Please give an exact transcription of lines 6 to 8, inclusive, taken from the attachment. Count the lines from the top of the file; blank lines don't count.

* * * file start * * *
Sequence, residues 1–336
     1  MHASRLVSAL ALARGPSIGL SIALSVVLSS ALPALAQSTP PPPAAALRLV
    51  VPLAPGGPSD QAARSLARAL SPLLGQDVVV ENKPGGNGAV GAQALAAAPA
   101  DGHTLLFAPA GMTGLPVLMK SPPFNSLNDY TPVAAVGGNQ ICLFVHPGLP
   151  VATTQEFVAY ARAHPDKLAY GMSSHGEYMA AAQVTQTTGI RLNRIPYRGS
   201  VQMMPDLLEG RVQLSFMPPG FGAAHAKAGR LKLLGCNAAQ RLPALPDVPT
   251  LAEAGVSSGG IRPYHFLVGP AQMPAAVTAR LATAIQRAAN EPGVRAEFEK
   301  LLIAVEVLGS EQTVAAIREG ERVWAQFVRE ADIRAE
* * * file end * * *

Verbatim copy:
   201  VQMMPDLLEG RVQLSFMPPG FGAAHAKAGR LKLLGCNAAQ RLPALPDVPT
   251  LAEAGVSSGG IRPYHFLVGP AQMPAAVTAR LATAIQRAAN EPGVRAEFEK
   301  LLIAVEVLGS EQTVAAIREG ERVWAQFVRE ADIRAE